Governments are rushing to encourage construction of many more apartments, to manage shortages of rental properties and associated high prices. I am not at all sure that a simplistic focus on supply will manage the exploitation and market failures associated with housing, but I will put that aside for this article.

Solar ovens

Many recently built high rise apartments are nightmares to live in. They are solar ovens whenever exposed to sun.

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They are poorly ventilated, so when people dry clothes indoors (because they are not allowed to dry clothes on balconies) mould and damage to building materials occur.

Lack of cross-ventilation limits the effectiveness of natural ventilation, and outdoor noise may deter occupants from opening windows anyway. Noise transfer between apartments can be a problem.

Concrete hot balconies

More subtle is the problem of thermal bridging.

Concrete is a good conductor of heat, so sun shining on dark paved balconies flows into the apartment through the continuous concrete slab, adding to overheating.

Metal frames on windows

The balcony paving also re-radiates heat in through the glazing. In winter, the balcony acts like a fin, sucking heat out of the apartment. Metal window frames transfer surprising amounts of heat. If painted a dark colour, summer heat gain is even worse.

Dark coloured blinds

Then there are the dark coloured blinds, specified by many designers and required by owners corporations “for consistency”.

These are solar collectors – potentially useful in winter, but a disaster for much of the year. Dark coloured walls add to summer problems. External shading is often simply not allowed.

It’s not hard to get it right

It’s relatively easy to achieve a high energy rating to comply with building codes in most apartments. Ceilings, floors and most walls are shared with other apartments, so heat flows are limited to a few windows and small areas of walls. Limited ventilation means they score well on air leakage.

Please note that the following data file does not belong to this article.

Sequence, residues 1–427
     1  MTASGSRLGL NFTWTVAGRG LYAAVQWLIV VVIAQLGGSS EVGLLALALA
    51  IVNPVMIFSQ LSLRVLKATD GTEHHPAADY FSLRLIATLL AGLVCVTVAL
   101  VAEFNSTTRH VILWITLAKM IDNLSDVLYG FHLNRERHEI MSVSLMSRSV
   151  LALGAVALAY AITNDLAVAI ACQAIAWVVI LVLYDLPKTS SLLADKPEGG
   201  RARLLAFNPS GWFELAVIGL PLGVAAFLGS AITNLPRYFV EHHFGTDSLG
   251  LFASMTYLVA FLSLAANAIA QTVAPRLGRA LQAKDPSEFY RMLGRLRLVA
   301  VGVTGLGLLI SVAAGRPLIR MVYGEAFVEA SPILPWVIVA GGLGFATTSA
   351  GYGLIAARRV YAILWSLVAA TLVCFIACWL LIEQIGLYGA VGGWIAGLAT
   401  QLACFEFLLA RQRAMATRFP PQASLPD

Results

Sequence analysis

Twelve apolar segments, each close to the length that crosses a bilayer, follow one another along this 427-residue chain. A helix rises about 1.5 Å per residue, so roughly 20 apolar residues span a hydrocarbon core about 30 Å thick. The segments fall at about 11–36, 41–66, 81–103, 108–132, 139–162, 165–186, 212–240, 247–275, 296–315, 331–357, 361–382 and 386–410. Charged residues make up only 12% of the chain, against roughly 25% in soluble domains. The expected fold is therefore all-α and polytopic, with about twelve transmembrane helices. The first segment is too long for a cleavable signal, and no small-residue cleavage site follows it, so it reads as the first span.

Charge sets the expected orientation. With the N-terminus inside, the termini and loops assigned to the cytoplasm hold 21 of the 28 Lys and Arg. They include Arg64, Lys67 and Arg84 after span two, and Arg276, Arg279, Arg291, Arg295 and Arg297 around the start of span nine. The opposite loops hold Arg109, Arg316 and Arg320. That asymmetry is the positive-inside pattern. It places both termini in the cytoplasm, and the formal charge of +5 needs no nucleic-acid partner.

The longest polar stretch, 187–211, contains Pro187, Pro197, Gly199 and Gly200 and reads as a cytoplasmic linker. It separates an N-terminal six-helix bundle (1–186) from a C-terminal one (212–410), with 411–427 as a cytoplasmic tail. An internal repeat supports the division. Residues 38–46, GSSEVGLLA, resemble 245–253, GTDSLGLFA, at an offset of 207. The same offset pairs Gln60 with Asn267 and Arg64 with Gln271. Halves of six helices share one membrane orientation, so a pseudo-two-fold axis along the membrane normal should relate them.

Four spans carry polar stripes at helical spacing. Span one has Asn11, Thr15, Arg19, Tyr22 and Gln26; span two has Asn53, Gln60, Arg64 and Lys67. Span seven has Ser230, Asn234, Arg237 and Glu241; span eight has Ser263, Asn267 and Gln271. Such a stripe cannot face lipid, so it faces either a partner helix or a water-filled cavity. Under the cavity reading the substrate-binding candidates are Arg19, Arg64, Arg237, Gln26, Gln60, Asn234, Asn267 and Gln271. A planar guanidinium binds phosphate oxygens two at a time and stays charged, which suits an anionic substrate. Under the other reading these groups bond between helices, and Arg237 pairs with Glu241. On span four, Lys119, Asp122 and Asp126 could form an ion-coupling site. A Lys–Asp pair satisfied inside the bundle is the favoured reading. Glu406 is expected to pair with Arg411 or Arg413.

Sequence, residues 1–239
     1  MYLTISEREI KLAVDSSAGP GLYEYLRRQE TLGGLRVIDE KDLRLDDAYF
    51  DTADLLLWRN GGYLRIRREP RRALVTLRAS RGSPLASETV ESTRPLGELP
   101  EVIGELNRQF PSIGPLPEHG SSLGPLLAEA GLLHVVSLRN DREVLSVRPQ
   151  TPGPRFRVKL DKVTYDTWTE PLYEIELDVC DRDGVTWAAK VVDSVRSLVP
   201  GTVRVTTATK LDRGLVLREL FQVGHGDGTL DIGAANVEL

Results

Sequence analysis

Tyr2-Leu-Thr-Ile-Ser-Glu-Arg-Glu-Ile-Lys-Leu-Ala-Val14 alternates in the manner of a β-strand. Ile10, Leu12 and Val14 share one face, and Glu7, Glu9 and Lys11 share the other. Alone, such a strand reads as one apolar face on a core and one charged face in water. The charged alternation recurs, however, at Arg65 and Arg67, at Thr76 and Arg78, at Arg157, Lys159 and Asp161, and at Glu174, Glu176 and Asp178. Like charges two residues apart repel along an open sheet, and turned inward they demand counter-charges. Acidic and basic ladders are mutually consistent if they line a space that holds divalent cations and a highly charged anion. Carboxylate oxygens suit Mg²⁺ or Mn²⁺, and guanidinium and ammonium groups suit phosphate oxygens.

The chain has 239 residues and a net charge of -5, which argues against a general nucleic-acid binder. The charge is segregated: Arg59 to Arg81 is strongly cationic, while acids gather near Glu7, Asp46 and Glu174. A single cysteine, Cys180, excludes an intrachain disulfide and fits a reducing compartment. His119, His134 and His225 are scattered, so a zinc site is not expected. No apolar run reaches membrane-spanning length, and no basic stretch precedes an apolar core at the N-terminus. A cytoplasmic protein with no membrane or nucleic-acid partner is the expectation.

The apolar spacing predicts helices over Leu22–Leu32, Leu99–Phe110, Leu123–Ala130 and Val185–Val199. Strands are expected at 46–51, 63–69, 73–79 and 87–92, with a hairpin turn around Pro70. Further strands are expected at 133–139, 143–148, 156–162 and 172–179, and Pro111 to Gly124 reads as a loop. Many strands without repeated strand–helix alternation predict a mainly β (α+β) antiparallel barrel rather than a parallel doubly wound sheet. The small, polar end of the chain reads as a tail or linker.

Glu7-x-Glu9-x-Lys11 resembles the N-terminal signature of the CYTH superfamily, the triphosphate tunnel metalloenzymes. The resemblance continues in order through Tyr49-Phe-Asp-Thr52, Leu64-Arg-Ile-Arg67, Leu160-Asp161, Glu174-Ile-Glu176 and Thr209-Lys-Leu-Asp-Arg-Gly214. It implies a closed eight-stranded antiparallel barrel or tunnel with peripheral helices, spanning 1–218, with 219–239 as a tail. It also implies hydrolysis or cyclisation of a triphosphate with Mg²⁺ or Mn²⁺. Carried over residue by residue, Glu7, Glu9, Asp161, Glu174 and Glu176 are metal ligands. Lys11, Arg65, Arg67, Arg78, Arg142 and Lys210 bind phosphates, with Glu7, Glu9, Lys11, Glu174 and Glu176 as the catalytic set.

Central hot water and energy systems

Central hot water, space heating and cooling systems are often very inefficient and difficult to control – and costly to run, often with high fixed charges. Embedded electricity networks also offer opportunity to charge higher energy prices.

And there is limited scope to install solar, or to cost-effectively share solar output between apartments.


Then there are the problems linked to poor quality construction: water leaks, condensation within walls, cracks and flammable cladding. A recent book by David Oswald and Trivess Moore (Constructing a Consumer-focused Industry) outlines the problems, which are world-wide, not just in Australia.

One study presented two case studies of high-rise apartment buildings.

Note the large contribution of water heating to overall energy use.

While cooling was a small factor, it may be that the case study buildings did not have central cooling.

In any case, the significance of solar gain driving extreme temperatures in apartments exposed to sun is a health, safety, amenity and resilience issue, not necessarily just an energy cost.

And many tenants may not be home during times of extreme conditions.

We need to do so much better

We need to better understand the complexities of apartment design and performance before we add to the already substantial stock of poor buildings.

We must also work out what is wrong with existing buildings and devise strategies to fix them quickly and at an affordable costs for owners and tenants.

Alan Pears, RMIT University

Alan Pears, AM, is one of Australia’s best-regarded sustainability experts. He is a senior industry fellow at RMIT University, advises a number of industry and community organisations and works as a consultant. He writes a column in each issue of Renew magazine: you can buy an e-book of Alan’s columns from 1997 to 2016 at More by Alan Pears, RMIT University

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